Aaron Davies said...

i'm not nearly old enough to remember purely linearly-plotted tv, but i was struck during a recent re-watch of Babylon 5 how transparent the late-80s/early-90s "A plot/B plot" structure seems now. (i'm sure the same thing would happen if i watched star trek: tng again.) modern sci-fi tv is all about arcs--plot arcs, character arcs, anything from month-long to multi-year.

But What do I Know? said...

When I read Catcher in the Rye as a teenager I thought it was funny--maybe because I didn't take Holden Caulfield's whining all that seriously and assumed he didn't either. Wrong!

You're right about the TV shows--I can imagine the dramatic plot/comic subplot thing almost wrote itself after awhile.

Anonymous said...

Aaron Davies,

Bab 5 had a five year (in our time) story arc. All the major plot ideas and character developments were written prior to the first season. Don't be knockin' Babylon 5 :).

Anonymous said...

The best TV is still sports. The more you know about a given sport, the more you understand its multiple plot lines, story arcs, and characters. It has more drama than scripted TV and is more real than reality TV.

And if that's not enough, you can amp up your interest by betting that you know more than the bookies do.

Anonymous said...

My 11 year old would spend his life on Xbox live if he could. We let him spend quite a large portion of it on their because he chats to his mates whilst he's on and they discuss strategies etc etc so there's quite a lot of social learning taking place. Amongst other things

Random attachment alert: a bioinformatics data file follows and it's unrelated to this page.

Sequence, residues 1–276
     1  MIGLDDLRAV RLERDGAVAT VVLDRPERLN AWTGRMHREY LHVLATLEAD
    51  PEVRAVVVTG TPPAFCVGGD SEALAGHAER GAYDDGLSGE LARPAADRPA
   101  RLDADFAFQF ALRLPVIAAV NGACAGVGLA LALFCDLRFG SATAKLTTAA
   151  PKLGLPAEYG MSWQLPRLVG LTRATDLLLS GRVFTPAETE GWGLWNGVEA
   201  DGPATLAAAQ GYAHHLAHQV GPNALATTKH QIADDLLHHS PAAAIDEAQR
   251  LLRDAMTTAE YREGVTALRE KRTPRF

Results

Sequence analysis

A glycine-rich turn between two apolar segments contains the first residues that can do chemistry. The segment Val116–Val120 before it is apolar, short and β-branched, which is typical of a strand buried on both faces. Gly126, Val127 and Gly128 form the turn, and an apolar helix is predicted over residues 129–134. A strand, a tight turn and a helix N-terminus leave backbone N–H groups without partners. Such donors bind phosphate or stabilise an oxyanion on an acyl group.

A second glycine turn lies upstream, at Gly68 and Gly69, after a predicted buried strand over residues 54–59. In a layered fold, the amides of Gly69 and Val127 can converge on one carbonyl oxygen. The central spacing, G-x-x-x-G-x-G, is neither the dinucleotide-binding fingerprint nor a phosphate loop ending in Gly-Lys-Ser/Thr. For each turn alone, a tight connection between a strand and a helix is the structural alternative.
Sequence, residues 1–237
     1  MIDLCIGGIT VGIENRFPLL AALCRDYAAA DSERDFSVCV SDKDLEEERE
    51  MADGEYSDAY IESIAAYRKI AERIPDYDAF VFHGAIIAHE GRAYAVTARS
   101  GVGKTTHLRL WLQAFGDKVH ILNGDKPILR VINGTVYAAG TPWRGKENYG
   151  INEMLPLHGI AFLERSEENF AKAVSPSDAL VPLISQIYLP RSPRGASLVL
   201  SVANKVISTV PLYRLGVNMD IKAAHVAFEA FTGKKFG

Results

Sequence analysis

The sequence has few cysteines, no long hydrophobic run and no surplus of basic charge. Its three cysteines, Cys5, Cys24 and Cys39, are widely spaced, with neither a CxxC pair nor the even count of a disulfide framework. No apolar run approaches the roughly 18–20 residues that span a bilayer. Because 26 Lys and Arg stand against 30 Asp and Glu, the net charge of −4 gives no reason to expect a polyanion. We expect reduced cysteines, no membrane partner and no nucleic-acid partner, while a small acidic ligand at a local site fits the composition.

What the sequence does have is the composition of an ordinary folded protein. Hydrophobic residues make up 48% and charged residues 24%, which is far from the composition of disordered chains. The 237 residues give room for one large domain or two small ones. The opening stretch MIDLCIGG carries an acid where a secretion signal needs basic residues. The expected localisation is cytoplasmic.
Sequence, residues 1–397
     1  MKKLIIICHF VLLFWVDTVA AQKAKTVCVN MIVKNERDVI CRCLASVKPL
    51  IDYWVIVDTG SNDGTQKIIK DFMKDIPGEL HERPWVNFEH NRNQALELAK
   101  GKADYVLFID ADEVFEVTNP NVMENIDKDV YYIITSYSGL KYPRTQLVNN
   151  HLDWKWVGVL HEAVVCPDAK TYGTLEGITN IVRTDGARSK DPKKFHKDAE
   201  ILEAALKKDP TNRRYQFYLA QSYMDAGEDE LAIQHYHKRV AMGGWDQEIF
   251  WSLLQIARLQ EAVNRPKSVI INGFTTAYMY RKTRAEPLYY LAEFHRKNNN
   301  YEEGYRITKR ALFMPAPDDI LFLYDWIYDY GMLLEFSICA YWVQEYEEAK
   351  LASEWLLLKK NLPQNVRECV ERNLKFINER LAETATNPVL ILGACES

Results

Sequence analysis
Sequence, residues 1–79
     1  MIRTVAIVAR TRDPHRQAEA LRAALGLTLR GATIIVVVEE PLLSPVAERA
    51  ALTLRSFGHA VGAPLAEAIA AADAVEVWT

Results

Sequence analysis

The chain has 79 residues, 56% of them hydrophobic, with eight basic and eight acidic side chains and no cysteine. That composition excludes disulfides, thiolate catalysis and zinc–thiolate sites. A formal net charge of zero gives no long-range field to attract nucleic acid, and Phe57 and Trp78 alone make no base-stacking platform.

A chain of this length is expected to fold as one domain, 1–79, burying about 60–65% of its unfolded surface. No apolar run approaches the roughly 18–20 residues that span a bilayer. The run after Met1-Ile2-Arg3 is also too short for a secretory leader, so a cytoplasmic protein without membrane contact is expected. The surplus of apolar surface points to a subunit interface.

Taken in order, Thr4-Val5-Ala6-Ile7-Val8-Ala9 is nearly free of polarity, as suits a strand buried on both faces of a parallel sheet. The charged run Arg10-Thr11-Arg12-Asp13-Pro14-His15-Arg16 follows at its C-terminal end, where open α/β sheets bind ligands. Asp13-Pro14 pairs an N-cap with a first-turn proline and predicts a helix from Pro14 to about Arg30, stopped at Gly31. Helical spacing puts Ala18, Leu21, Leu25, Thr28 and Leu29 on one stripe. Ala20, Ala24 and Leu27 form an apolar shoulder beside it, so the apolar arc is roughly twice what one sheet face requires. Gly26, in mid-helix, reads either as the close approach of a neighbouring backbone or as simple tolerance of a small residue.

Alan said...

While I agree that it is a positive that kids today find "Catcher in the Rye" to be whiney and simplistic, I disagree that the world of the past was only filled with linear plots.

some things of the past may have seemed "corny", but in many cases it was because the people of the time had more than enough suffering in their lives - they didn't need movies to emphasize the fact (Sullivans Travels, for instance, makes this point very effectively).

In other cases, as with Saving Private Ryan, you now need to emphasis how truly horrible it was on D-Day, but in the 40's/50's there wasn't a need to do that -- everyone had a family member or friend who had been through the war.

Today we have somehing different a "fake" view of suffering and depth that is either brought to people by the news or by video games, in both cases, it isn't reality for the youth of today, and I sometimes wonder how brittle their confidence will be when they are faced with real struggles.

Eric Falkenstein said...

That's a good point Alan. I find it amusing how 60s era kids think their parents are nerds who never saw anything, as there was more whoring and violence in WW2 and Korea to make explicit narratives unnecessary.

Patrick R. Sullivan said...

Somewhat ironic is that Catcher In the Rye was written by a guy who stormed the beaches at Normandy in WWII, then.